The Bay Leaf Incident
by Caryn Moya Block
In October of 2011, my husband and I visited the Cashtown Inn near Gettysburg, PA for lunch. We had read about a ghost hunting weekend with Mark and Carol Nesbitt at the inn the following March of 2012 and wanted to sign up. If you don’t know about the Cashtown Inn, it was used by Confederate forces as a headquarters during the Battle of Gettysburg and is reported to be haunted.
My husband and I had joined a local ghost hunting group here in Culpeper County a couple of times in the past, when they did some investigating at the Graffiti House, a pre-civil war era house. We had caught some EVP’s on our digital recorder during those investigations, the sound of someone walking and a disembodied voice. So we were excited to go on a hunt with Mark Nesbitt, known as the expert on ghosts in Gettysburg.
When we walked into the inn, we entered a small sitting room. No one was present and there was no desk or bell to ring for help. I had no idea how we were going to sign up if no one was available to take our reservation and deposit.
The fees for the weekend were not cheap, and I decided that if no one was around, I would just drop the whole idea and leave quietly after lunch. So we went into the bar and ordered lunch. I wanted to try the French Onion Soup. My husband and I had tried the King’s Soup at the Historic 1776 Dobbin House Tavern in Gettysburg and loved it. I was curious to see what the Cashtown Inn soup would be like. We sat down and Crystal, our waitress took our order.
Some of you may not know this, but I am a Reiki Master and Theta Healer. One of my friends, who is also a Reiki Master, lives near Gettysburg and I often visit with her while my husband enjoys his Civil War tours. That fact will be important in a moment.
Our soup was brought to the table and I dived in with gusto. If you don’t know about French Onion Soup, it is often served covered in melted cheese and has a piece of bread at the bottom. I took several spoonful’s when my spoon discovered a bay leaf.
I didn’t find that surprising. I figured the cook just missed the leaf when he served up my soup. I put the leaf aside and continued to eat. After a few more spoonful’s, I discovered another bay leaf. Once more, I put the leaf aside and went back to eating.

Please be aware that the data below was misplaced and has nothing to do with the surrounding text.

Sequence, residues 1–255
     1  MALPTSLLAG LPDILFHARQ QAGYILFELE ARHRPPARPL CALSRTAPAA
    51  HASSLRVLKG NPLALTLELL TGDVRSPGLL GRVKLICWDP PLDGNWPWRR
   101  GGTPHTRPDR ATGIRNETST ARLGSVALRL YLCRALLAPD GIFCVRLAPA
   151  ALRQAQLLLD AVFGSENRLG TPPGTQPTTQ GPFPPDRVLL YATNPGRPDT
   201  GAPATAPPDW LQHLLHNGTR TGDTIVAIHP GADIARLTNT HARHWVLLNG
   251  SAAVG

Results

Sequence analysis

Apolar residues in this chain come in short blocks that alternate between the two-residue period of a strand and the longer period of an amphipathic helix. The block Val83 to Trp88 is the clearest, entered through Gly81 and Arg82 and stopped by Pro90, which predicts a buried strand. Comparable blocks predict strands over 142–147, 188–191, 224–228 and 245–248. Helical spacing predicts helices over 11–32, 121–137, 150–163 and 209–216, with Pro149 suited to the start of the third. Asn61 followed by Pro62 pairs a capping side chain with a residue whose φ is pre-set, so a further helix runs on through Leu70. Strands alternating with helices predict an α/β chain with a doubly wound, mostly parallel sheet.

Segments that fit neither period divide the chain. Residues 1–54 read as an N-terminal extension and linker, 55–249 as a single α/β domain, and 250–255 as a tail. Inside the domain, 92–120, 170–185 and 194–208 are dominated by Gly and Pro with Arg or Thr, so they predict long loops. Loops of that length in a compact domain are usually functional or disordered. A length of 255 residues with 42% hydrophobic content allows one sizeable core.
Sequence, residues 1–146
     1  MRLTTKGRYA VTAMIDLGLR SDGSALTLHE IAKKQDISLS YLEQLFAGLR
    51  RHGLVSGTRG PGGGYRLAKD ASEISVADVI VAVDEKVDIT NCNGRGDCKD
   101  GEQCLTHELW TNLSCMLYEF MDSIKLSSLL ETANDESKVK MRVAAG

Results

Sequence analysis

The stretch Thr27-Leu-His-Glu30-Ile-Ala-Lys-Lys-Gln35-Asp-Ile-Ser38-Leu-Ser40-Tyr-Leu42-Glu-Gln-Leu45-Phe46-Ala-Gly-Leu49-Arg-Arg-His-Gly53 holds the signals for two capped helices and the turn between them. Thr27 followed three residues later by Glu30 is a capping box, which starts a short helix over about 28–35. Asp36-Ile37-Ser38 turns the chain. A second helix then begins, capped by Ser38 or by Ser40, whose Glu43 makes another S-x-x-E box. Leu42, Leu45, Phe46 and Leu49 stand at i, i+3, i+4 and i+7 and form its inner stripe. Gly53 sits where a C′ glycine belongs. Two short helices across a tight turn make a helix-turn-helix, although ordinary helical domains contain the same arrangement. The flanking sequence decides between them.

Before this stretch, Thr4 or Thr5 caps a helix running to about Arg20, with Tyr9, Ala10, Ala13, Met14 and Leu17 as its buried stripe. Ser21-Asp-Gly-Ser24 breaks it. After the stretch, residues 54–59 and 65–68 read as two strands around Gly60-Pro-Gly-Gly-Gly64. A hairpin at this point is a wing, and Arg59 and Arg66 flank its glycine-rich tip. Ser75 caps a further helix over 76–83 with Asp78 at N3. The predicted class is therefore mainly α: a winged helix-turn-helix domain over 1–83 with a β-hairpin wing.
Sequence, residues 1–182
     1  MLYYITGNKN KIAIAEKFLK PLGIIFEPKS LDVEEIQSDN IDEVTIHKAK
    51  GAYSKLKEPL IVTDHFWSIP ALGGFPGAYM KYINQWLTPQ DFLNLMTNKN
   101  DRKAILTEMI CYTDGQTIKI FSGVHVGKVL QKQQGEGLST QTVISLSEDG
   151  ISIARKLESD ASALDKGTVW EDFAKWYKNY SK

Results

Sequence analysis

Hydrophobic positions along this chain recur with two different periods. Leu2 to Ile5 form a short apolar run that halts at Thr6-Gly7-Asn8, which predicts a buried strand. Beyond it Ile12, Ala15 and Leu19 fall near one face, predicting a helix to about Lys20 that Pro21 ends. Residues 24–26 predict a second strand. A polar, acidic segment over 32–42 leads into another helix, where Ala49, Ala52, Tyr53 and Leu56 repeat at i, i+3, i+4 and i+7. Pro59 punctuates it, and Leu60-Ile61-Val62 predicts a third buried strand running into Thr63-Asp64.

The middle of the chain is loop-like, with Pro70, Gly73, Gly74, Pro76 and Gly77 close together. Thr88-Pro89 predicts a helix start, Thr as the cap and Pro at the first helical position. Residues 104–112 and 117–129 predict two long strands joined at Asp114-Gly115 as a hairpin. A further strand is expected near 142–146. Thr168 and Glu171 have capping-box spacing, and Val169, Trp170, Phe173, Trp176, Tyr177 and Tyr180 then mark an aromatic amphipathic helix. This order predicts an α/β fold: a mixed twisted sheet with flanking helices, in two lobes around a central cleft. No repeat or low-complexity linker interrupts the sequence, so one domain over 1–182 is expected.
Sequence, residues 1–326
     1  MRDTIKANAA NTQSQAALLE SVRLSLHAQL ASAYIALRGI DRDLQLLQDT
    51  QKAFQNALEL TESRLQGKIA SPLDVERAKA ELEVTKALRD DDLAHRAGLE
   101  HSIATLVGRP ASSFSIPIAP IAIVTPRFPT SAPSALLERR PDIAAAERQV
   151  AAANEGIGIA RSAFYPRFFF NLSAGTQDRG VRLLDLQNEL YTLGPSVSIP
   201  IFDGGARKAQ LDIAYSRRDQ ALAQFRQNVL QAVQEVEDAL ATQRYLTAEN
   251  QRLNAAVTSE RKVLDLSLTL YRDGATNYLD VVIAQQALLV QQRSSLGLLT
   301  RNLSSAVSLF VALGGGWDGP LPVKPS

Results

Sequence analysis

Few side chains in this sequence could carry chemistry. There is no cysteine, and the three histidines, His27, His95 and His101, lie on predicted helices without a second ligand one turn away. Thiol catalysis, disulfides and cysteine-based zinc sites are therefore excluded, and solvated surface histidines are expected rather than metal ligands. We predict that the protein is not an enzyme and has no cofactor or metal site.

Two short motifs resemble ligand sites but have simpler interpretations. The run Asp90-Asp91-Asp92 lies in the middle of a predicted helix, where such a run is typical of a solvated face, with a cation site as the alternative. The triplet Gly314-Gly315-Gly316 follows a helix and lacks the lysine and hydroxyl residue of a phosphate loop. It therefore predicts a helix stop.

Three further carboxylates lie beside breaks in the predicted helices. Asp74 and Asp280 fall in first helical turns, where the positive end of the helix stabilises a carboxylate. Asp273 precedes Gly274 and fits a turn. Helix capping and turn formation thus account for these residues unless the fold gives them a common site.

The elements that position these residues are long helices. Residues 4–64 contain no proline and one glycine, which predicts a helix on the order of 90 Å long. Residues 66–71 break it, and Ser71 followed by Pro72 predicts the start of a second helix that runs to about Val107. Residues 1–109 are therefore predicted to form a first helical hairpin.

Now this was not a large bowl of soup. The contents couldn’t have held much more than a cup of broth. So the third time I pulled a bay leaf from my bowl, I decided that more was going on than just bay leaves in soup.
I pulled out my cell phone and called my friend, the Reiki Master, and asked if she would look up the metaphysical properties of Bay leaves. The Universe was delivering a message and I needed to know what it was about.
She obliged me and reported that Bay leaves were used in Laurel wreaths, a reflection of honor. The herb was associated with Apollo and the Oracle of Delphi where the oil was used for divination and mediumship.
Then my friend looked up the Greek god Apollo. If I was looking for proof that the message was for me, I found it when she told me that Apollo was known as Lukēgenēs, literally “born of a wolf”. Don’t forget that I write Werewolf Romance books, but there was more. Apollo was connected to the muses and was the patron God of music, poetry, art, oracles, archery, plague, medicine, sun, light and knowledge.
Finally, my friend said she thought I needed to change what I was thinking. Moments before, I was thinking of leaving without paying the deposit for the ghost hunting weekend. It appeared that the spirits of the Cashtown Inn were offering an invitation to visit.
Needless to say, after we finished eating, I made the reservation. Crystal, our waitress, watched the whole event transpire and said she had never seen anyone pull bay leaves out of the French Onion Soup before.
After our ghost hunting weekend in March 2012, I can truthfully say the Cashtown Inn is haunted. But that is another story.